1861 July 30 Camp Pettis Fairfax County, Va.

My dear wife,

Your very welcome letter of the 21st came duly to hand
little did you think that at the very time you were writing it
the bullets were whistling about our ears as thick as hail.
it was certainly one of the most dreadful days I ever spent.
I did not at the time realize it, until it was all over and had
time for reflection, but I was never any more excited during the
fight than if I had been mending the old mill, not even so much
for you know I always got mad when I had that to do.
I stood it far beyond my own expectations, had I been in the ranks
I know I should have been excited, but you know I had the charge
of nearly 100 men’s lives, in my head, which by any wrong direction
of mine might have been all sacrificed and heaven seemed to
smile on our humble endeavours, I only had one man killed
and 4 slightly wounded. the wounded are all again at their duty-
in my company all of them refusing to be reported wounded. we was
in the fight about eight hours, during six hours of the time my company
alone, nearly a mile and a half from our Regiment–kept in check
seven thousand Yankees. they fixed us with their cannons
most of the time but did us very little harm as I had all of my
men posted in a position where their shot and shell could not
effect us much, nearly all of it passing over our heads some of their
shells burst among us without doing us any injury only slightly

[page 2]
wounding some of our men, which did not amount to much
as none of them were disabled. John Simpson poor fellow was
afterwards shot while gallantly charging with the company one
of the enemys Batteries, we charged right up and planted the
flag on the top of their guns driving their gunners from them
and having previously shot all the horses that hauled them, they
never could be moved from the place again till the fight was closed
which was shortly afterwards, it was in this charge that poor James
was taken prisoner, the last I saw of him was at this point,
and the enemy having hoisted the Confederate Colors I we
were ordered to cease firing, as we all thought that they were our friends
we were fighting. we retired about fifty or sixty paces when they
again opened a tremendous fire on us, but fresh troops coming
to our assistance, they were again driven back and completely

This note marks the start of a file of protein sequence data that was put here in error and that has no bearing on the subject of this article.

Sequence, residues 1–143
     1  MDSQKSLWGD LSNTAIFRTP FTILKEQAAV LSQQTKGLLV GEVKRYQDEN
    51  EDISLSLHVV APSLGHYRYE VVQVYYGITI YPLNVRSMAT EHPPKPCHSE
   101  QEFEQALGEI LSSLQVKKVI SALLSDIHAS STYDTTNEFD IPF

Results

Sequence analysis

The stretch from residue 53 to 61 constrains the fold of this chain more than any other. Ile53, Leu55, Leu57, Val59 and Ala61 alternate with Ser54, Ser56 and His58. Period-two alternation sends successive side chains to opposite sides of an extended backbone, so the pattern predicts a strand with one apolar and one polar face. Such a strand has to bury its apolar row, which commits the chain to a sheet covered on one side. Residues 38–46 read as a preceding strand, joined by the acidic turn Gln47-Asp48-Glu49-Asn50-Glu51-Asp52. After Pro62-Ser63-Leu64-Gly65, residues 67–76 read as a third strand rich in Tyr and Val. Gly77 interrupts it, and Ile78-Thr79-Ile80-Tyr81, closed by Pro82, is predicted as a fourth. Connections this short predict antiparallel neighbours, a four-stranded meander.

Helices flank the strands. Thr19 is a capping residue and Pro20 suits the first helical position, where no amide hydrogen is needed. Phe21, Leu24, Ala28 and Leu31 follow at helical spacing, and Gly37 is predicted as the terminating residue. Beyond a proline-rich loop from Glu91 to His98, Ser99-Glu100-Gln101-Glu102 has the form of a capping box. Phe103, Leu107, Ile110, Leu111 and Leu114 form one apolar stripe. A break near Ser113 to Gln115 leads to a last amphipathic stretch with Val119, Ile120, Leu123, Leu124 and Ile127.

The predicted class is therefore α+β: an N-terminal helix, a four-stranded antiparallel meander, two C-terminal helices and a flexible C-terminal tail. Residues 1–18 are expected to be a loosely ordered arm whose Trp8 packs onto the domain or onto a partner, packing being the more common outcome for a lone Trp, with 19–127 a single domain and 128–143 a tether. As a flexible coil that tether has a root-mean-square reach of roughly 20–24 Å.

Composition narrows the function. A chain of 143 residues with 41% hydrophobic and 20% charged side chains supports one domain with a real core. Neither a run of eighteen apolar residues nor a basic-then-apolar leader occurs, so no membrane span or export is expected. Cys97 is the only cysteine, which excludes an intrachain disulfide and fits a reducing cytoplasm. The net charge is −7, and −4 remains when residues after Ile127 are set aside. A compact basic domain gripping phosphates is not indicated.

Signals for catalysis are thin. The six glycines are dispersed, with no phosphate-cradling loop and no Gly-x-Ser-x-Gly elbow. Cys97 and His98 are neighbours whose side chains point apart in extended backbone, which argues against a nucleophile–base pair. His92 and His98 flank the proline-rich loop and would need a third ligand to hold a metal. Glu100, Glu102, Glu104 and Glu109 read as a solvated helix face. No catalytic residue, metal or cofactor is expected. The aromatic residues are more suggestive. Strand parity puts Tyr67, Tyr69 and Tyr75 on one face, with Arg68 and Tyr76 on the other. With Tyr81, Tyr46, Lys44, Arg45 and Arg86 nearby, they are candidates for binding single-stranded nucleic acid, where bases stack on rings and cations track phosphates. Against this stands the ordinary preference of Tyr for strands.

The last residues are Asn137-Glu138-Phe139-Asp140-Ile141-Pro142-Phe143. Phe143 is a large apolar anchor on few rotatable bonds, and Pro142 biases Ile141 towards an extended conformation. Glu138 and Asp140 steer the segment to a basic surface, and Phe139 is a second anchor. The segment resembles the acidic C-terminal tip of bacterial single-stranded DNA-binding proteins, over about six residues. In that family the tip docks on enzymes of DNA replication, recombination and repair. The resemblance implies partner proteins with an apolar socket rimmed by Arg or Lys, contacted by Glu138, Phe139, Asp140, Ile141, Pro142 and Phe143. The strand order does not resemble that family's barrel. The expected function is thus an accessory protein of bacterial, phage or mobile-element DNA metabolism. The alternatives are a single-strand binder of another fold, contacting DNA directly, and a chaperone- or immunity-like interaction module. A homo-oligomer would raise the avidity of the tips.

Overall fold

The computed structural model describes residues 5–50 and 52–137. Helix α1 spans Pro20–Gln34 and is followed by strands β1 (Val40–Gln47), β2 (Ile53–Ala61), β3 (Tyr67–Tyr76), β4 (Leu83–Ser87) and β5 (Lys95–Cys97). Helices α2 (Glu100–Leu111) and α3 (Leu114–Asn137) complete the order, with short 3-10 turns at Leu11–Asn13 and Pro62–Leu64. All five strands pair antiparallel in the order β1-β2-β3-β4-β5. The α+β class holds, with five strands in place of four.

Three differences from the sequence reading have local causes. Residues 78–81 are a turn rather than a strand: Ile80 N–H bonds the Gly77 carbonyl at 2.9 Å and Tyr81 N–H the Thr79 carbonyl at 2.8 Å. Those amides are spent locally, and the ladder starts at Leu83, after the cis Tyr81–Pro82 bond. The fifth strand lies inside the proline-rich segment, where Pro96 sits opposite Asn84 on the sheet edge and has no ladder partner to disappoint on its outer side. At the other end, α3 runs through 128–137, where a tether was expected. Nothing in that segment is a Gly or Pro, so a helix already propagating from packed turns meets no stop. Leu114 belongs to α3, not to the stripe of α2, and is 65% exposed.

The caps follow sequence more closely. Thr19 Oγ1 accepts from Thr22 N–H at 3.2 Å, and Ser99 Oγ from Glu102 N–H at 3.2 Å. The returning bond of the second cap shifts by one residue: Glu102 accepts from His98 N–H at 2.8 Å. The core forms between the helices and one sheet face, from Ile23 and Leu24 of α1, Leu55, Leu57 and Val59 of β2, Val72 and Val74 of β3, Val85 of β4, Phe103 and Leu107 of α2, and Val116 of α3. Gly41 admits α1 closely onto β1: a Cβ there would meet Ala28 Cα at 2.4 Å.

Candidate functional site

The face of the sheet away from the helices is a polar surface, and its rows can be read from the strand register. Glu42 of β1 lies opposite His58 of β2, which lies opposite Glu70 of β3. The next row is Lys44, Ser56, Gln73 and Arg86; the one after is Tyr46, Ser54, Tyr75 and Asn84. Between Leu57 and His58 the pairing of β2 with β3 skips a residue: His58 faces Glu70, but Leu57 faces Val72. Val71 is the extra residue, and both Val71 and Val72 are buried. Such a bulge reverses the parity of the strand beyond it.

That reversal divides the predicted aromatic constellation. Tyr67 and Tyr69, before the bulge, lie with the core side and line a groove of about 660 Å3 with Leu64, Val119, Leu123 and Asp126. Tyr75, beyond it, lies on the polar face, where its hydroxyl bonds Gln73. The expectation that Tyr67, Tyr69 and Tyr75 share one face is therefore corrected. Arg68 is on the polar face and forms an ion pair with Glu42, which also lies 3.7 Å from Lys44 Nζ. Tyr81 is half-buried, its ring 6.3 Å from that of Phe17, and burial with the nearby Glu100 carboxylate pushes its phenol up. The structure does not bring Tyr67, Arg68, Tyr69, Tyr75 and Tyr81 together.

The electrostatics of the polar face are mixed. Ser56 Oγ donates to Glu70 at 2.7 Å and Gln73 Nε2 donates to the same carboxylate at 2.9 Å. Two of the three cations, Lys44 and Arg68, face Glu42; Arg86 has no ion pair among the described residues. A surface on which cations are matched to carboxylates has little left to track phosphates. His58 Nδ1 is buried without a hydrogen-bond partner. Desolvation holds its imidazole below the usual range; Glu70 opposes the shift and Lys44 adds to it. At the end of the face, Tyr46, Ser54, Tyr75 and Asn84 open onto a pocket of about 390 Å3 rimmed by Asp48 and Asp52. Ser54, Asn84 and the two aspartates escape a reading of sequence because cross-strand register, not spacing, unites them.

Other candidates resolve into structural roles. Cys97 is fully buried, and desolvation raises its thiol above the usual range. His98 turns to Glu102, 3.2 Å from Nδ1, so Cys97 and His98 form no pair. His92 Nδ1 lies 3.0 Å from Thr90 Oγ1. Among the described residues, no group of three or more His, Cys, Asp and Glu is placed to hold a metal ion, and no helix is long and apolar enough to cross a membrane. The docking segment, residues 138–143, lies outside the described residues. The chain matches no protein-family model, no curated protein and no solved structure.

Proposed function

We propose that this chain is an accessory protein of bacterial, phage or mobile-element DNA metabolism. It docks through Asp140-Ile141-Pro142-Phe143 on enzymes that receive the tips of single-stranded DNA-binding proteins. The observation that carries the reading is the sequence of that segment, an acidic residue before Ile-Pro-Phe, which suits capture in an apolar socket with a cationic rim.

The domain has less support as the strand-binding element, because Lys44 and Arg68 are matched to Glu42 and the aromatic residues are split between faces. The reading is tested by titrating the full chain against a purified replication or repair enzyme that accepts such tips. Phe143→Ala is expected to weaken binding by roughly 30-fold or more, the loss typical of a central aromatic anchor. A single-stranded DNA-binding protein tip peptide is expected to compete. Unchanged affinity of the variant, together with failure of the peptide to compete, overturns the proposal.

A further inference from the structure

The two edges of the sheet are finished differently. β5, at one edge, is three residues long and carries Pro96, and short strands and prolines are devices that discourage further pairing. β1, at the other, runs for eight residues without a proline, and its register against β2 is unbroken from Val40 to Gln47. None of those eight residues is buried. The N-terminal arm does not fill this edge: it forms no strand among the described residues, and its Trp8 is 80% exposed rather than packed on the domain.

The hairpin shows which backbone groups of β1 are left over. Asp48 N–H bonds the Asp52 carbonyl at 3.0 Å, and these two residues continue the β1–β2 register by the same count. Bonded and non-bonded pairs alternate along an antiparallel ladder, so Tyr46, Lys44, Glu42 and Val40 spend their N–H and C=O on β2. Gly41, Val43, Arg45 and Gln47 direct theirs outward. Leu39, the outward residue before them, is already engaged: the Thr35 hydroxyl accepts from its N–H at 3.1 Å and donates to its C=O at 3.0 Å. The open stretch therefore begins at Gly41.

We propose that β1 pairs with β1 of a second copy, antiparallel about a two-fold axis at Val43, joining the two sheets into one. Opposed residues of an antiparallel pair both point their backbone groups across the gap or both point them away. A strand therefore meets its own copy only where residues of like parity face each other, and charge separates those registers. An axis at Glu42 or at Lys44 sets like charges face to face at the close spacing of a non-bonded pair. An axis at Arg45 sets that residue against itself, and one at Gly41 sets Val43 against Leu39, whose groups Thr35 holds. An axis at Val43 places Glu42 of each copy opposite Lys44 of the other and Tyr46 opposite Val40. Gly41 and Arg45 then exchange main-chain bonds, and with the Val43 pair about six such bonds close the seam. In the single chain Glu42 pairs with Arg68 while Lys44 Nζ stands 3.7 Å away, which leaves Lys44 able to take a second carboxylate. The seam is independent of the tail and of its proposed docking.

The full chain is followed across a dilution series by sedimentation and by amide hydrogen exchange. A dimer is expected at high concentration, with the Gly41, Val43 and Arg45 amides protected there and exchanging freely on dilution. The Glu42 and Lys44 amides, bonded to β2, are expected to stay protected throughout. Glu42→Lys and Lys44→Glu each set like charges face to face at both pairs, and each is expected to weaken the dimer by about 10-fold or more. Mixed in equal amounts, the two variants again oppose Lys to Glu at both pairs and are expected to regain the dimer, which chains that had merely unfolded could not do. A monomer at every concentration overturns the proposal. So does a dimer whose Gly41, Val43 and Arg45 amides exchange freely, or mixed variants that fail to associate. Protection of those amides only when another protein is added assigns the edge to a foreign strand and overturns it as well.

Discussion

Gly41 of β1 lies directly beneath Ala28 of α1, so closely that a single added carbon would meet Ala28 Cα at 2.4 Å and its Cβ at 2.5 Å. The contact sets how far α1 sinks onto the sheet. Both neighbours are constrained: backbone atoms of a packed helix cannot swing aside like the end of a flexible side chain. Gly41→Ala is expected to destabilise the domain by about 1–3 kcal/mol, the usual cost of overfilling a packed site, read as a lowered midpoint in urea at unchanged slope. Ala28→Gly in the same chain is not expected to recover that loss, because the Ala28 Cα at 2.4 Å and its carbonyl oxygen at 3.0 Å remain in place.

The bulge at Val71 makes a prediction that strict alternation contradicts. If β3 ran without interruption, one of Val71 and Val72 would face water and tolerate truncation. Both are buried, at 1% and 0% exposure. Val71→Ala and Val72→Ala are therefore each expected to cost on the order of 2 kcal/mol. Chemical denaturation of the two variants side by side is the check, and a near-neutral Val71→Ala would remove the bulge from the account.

routed. I think it probably that when they hoisted the
confederate flag, that Jim took them for our friends and got
among them and was carried off him and Rob Lewis are the
only two missing from the Palmetto Riffles and some of our men
have seen a Washington paper which says that among the Prisoners
taken from the Rebels as they style us, are two of the Palmetto
Riflemen from South Carolina, so that they are Prisoners beyond
all doubt, you need not be the least alarmed, about his safety
as we have to[o] many of their prisoners in our hands for them to
perpetuate any outrage on ours.

We have advanced 5 miles from Stone Bridge in the direction
of Alexandria and joined General Jones Brigade of South
Carolinians consisting of the 4th, 5th, 6th, and 9th Regiments
I think an advance on Washington highly probable but dont know for certain.

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Your talk of coming out here to see me, nothing in the
world would give me more pleasure than to see you and
little Maggie, but Dear Creek you must not come, this is no
place for women and children, true they are much needed
in our Hospitals to wait on the sick and wounded, but the
Ladies of this country are very kind to them and do all in their
power to make them comfortable, and you know it would be
impossible for you to travel with me, as we do it all on foot and
often sleep out all night with nothing but the blue sky for a covering
but should it be my fate to get wounded on the field I will
Telegraph to Tom at Columbia for you to come and nurse me
should I require it, for I know I should soon recover with you beside
me, but until that time you had better stay at home and
take care of Dear Little Maggie I could not be happy if you and
her were separated. Should we be quartered near any town for any
length of time, I will let you know and shall be very happy to see you
here and you can bring Maggie with you but we are to[o] far away
at present from any point where you could come to by Rail and
it is impossible for you to get a private conveyance; I have just read
a letter from Jane to Billie, I am afraid Mr. Maxwell &c will make
me vain if they carry many more such reports home about me, you
need not be afraid of my rushing into a needless danger, what I have done
I only consider my duty, and shall still endeavour to do it, to the best
of my abilities, and I am ably supported in this by my company
who are as noble and gallant a set of men as ever entered a field of Battle
But I must close as the drum is beating for parade[?] and I have
to attend. Kiss our little darling for me and tell her papa sent it
Farewell Dear Creek Heaven Bless you.

William [Anderson]

4th Regiment South Carolina Volunteers [Palmetto Sharpshooters]

MSS 10366

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